- Fulgentius, Fabuis Planciades. The Fable of the Swan and Leda. Google Books. Ohio State University Press. p. 78. Retrieved 24 January 2016.
- Bull p 167
- Bull p167
- Page 166 - Hypnerotomachia Poliphili
- Photo of the print
- Bodkin Prints - Product details
- Not a woodcut, as Bull (p169) wrongly says (see Hind BM catalogue,The Illustrated Bartsch etc); nor is his view of Leda's expression the only one.
- British Museum copy; The Metropolitan Museum of Art - Special Exhibitions: Poets, Lovers, and Heroes in Italian Mythological Prints
- Abondio, NGA Washington
- image; Fossi, Gloria, pp. 402-3, Uffizi: art, history, collections, Giunti Editore Firenze Italy, 2004, ISBN 88-09-03676-X, 9788809036765 google books
- Elfriede R. Knauer, "Leda." Jahrbuch der Berliner Museen 11 (1969:5-35) illustrates several copies as well as an engraving of a Roman bas-relief and examples of antique engraved gems that seem to have provided Micelangelo's inspiration and gives a full bibliography of Michelangelo's Leda.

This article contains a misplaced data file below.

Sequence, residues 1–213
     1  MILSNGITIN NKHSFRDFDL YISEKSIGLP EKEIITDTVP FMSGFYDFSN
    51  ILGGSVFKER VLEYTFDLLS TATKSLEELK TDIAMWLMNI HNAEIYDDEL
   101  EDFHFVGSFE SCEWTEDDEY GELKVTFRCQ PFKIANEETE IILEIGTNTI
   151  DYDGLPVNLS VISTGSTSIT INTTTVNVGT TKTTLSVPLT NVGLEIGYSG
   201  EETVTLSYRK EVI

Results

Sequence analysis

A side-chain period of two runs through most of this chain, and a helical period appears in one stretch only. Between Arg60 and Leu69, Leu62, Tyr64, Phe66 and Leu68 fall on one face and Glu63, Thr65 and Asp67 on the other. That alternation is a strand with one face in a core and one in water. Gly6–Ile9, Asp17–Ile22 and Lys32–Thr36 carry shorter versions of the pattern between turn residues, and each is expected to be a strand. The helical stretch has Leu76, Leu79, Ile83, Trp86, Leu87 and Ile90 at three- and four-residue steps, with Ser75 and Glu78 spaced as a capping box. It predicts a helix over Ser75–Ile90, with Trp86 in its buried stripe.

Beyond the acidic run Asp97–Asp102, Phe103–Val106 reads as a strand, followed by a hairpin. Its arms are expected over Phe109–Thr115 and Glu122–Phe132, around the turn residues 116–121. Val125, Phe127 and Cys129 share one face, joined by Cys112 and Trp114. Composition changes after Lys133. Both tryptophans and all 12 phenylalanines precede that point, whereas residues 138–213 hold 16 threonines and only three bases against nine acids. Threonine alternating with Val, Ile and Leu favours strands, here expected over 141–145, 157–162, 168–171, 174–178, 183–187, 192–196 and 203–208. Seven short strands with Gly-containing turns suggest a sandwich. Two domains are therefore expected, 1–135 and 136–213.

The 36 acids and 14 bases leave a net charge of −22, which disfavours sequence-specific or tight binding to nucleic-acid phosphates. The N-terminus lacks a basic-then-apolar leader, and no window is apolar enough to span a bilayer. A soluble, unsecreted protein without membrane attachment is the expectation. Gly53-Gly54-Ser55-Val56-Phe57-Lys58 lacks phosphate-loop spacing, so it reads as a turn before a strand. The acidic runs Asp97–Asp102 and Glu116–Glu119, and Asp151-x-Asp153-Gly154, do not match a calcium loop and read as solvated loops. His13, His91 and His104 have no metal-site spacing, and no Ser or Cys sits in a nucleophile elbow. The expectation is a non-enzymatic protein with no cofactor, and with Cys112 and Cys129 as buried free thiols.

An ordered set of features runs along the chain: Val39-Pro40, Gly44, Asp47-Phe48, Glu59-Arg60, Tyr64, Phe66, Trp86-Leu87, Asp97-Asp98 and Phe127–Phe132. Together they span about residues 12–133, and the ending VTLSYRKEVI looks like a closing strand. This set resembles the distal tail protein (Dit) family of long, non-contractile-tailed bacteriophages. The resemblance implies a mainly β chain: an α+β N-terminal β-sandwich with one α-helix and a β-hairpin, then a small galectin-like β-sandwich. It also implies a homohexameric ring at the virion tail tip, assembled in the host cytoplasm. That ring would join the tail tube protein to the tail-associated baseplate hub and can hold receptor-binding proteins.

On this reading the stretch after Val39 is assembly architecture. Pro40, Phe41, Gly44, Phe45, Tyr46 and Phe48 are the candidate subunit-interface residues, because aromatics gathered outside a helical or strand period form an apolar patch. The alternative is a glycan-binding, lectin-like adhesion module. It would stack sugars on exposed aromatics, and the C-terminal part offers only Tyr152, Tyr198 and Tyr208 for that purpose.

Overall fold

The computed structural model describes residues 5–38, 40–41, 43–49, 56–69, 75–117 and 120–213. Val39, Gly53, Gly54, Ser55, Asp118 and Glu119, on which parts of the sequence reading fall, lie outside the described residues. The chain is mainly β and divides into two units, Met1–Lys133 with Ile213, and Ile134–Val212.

- It belonged to John Everett Millais and was included in his 2007 Tate Britain exhibition. Now London, attributed to a 16th-century "follower of Michelangelo".
- Bull 169.
- Bacchiacca (Francesco d'Ubertino): Leda and the Swan | Work of Art | Timeline of Art History | The Metropolitan Museum of Art
- Bull 170.
- Leda and the Swan
- Dijkstra, Bram, Idols of Perversity, Oxford University Press, New York, 1986 p.315
- Now in the Barnes Foundation Collection, Merion, Pennsylvania has been dated as early as 1868 and as late as 1886-1890; the best estimate is 1880-1882; Great French Paintings from the Barnes Foundation: Impressionist, Post-Impressionist, and Early Modern. New York: Knopf, 1993. 106.
- Cy Twombly. "Leda and the Swan". Archived from the original on 27 July 2011. Retrieved 17 July 2009.
- "Jiwaji Rao Scindia Museum - Collection". Retrieved 11 February 2015.
- Bull p.169
- Bloom, Harold (1972). Yeats. Oxford UP. pp. 363–66. ISBN 978-0-19-501603-1.
- Paglia, Camille (2006). Break, Blow, Burn. Random House. pp. 114–18. ISBN 978-0-375-72539-5.
- Darío, Rubén; Andrew Hurley; Greg Simon; Steven F. White (2005). Ilan Stavans, ed. Selected Writings: Ruben Dario. Penguin. pp. 20–21. ISBN 978-0-14-303936-5.